Confidence And Petrochemicals

By John Richardson

CONFIDENCE is a strange thing. It can be derived from solid reasons for optimism over the future or from temporary factors that can rapidly disappear.

And what is the value of publicly-expressed confidence? Is it often politically motivated rather than being based on the genuine belief that the future holds tremendous promise?

Right now in the petrochemicals industry, it is easy to make the case that the recovery in sales volumes in Europe and the US during Q1 mainly represented stock-building by buyers.

Inventories were exceptionally low down many value chains in December 2011, when it looked as if the Eurozone was about to collapse.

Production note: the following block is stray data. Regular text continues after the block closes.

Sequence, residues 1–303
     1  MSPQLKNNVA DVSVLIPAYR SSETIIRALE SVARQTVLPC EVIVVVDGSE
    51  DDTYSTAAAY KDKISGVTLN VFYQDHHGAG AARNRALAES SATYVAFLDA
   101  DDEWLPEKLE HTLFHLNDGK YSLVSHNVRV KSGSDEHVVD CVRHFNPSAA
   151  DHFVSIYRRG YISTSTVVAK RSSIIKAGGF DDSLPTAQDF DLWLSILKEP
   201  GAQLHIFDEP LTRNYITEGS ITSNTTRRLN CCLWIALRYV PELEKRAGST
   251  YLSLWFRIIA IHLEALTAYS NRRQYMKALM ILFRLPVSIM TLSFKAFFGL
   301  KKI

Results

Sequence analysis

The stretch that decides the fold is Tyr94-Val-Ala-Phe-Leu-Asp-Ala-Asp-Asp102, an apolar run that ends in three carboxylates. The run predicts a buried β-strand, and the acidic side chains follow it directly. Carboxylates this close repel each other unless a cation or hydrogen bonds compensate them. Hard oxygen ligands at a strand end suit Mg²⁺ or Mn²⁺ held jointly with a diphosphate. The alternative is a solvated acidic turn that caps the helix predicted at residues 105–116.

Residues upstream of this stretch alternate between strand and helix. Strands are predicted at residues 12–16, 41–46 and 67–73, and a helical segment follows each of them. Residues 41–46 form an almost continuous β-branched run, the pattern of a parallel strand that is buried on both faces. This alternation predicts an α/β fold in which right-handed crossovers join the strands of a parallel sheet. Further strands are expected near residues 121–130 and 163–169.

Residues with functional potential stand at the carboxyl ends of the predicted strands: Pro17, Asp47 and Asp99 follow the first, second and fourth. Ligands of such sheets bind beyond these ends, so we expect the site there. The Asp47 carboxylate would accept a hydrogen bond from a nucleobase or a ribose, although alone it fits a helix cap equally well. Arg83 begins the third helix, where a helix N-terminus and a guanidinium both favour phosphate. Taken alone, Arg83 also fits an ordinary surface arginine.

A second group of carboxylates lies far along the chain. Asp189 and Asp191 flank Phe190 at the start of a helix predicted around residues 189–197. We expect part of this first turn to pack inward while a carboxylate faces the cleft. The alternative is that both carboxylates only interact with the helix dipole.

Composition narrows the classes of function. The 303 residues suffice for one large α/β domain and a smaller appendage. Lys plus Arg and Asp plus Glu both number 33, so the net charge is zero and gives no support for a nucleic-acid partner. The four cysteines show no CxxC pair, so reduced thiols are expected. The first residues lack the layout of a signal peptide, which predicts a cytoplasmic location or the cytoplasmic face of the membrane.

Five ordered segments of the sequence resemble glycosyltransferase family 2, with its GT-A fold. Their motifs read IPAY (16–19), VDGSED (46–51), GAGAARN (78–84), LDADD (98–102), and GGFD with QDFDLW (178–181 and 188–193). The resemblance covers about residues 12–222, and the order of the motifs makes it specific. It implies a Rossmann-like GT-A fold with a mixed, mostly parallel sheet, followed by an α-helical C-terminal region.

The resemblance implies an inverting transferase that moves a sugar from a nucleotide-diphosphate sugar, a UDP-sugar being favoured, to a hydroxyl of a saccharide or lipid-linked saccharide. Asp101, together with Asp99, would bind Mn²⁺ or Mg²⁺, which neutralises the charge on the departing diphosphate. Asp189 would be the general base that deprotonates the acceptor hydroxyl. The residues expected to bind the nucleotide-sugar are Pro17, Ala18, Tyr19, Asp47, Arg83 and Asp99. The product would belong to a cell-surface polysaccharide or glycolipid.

Once the immediate danger had been averted, therefore, some restocking was inevitable.

This was given further impetus by rising oil prices. Petrochemicals end-users “bought forward” in order to hedge against crude and petrochemical prices going even higher.

The Eurozone crisis was put on hold rather than resolved in December last year. This has become clear over recent weeks as the focus has switched to the next economy facing a potential sovereign debt default – Spain.

Will the direction of crude remain as clear in the second quarter? Quite possibly not, given the evidence of demand destruction caused by expensive oil and the determination of Saudi Arabia to lower prices.

Price increases have been essential for naphtha cracker operators as they attempt to repair squeezed margins. The increases have been made possible by deep operating-rate cuts in Europe during Q4, and maintenance work and outages in both Europe and the US in the first quarter.

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